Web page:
For many people, credit card debt is among the most expensive debt they’ll ever carry. The Federal Reserve reports that the average interest rate on credit cards that assessed interest is just under 17% (Q3 2019).

If you charge more money on your credit cards than you can afford to pay off each month, high-interest rates will likely offset your rewards. That “free” vacation won’t really be free if you waste hundreds or thousands of dollars in interest to earn the points.

Step Four: Look for Opportunities to Pay With Your Card

It’s never wise to spend extra money to chase credit card rewards. But you may already be spending money each month on expenses you could pay for with a credit card instead.

Do you pay any of the following expenses with a check, debit card, or ACH draft?

  • Insurance Premiums
  • Cell Phone Service
  • Utility Bills
  • Cable and Internet Service
  • Daycare or Tuition
  • Children’s Program Fees (Sports, Tutoring, Classes, etc.)
  • Rent or Mortgage Payments

If so, you might be able to switch to a credit card as your form of payment and earn more rewards.

Before you switch your method of payment, make sure there are no additional fees to pay with a credit card. If an extra fee applies, you should only use your credit card if your rewards rate beats the extra cost.

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Step Five: Add Authorized Users

Adding an authorized user to your credit card might help you to earn more travel rewards in a few ways. First, when your authorized users make purchases, any rewards they earn should be added to your main account.

Some card issuers may also reward you with bonus points when you add authorized users. This isn’t common, but it can happen. American Express, for example, reportedly sent out targeted offers to select Platinum Card holders not long ago. The offer gave card holders the chance to earn 5,000 Membership Rewards Points per authorized user (up to 20,000 total points) for a limited time.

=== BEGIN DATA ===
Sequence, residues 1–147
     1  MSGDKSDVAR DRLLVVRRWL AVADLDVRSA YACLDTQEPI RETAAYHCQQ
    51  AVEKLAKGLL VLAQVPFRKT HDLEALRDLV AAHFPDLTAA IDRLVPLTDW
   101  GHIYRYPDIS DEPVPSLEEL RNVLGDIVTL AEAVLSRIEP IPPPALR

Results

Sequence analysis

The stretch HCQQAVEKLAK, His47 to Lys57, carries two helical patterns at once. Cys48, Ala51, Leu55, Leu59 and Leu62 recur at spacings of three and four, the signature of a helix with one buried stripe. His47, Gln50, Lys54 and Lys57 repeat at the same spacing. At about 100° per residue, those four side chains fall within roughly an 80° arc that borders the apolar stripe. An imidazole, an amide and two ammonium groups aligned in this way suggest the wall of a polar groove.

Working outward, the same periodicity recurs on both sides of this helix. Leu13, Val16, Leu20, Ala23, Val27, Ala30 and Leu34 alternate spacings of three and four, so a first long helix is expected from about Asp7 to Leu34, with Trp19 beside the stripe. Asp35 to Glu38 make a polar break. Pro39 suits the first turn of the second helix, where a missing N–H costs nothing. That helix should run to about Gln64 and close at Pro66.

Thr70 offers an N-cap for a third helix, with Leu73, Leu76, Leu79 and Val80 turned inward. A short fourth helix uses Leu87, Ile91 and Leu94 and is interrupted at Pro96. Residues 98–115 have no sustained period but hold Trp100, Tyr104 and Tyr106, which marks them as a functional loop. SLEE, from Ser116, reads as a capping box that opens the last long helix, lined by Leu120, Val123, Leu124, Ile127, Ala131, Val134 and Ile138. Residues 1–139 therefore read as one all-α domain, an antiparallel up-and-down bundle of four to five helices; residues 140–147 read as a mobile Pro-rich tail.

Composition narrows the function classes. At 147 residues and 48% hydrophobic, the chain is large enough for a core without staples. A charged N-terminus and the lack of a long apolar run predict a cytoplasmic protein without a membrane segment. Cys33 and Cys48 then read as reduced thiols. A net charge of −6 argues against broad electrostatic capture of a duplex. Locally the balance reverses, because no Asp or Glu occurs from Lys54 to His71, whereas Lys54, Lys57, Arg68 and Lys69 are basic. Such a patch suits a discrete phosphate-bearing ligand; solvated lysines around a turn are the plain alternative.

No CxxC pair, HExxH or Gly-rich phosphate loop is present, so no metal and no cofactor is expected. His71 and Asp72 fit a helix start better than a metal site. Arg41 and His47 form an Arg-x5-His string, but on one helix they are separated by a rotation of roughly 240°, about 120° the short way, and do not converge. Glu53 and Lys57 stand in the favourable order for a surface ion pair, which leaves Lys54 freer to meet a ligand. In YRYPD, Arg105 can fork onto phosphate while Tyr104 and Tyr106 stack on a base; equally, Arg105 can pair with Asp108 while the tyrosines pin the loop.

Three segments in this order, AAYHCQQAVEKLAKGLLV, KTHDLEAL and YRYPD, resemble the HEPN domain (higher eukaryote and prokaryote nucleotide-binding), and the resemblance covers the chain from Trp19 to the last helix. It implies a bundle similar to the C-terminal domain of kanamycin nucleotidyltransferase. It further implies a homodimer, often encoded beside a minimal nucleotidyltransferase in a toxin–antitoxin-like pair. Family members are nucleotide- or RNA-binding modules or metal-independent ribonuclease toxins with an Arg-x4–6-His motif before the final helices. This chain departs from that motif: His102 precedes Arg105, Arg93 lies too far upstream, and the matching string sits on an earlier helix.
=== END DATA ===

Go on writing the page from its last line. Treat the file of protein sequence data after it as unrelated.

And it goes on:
There are, however, two potential drawbacks of adding authorized users to your credit card. First, you may have to pay a fee to add an authorized user to your credit card. You’re also liable for any charges authorized users make on your account. On the bright side, if you add someone as an authorized user to a well-managed credit card, it might help your loved one improve his or her credit rating as a result.

Step Six: Join Hotel and Airline Loyalty Programs

The right rewards credit cards are the foundation of a successful travel rewards strategy. But you can multiply your earning potential with a little planning. Join airline, hotel, and other loyalty programs to get more bang for your buck.

Now, there are dozens of airlines and even more hotel brands. You don’t have to sign up for all of their loyalty and frequent flyer programs. Instead, join the loyalty programs of any airline you fly (or plan to fly) and any hotel chains where you may book reservations in the future. Typically, you’ll need to set up a loyalty account if you want to transfer credit card rewards to a specific hotel or airline partner (see more on transferring points below).

If you book travel through a third-party website, like Expedia or Orbitz, make sure to include your airline and hotel loyalty program numbers there as well so you can earn points for your purchases. Finally, you may be able to score extra rewards through loyalty programs in unexpected ways.

Advance planning could easily help you earn triple rewards when you book travel.

Step Seven: Choose Cost-Effective Lodging and Travel Methods

Just like it pays off to find the best credit card offer to match your credit rating and spending habits, it’s essential to do your homework before you book a vacation with the rewards you earn. Finding cost-effective lodging and travel methods could help you to stretch your rewards further.

If your heart isn’t set on a specific destination or travel during a certain time of year, you may be able to find a steal. These tips may help.

  • Look at travel costs during the off-season.
  • Book using flexible dates to take advantage of lower award fares and hotel rates.
  • Consider visiting three to five different destinations, then research how many points and miles each would cost you.
  • Think about flying out of a different airport and compare award fare costs.
  • Compare multiple transfer options between your credit card’s travel partners to find the best available deal.

Here are 7 amazing travel deals you can book with Chase Ultimate Reward Points for inspiration.

Step Eight: Look for Point Redemption Value

Before you officially redeem rewards, you need to figure out the value of what you’re getting. Calculating redemption value involves comparing how much a travel purchase would cost you in points or miles versus cash.

You can calculate redemption value on your own or you can search for online award rate calculators to help you. If you want to run the figures yourself, use the following formula.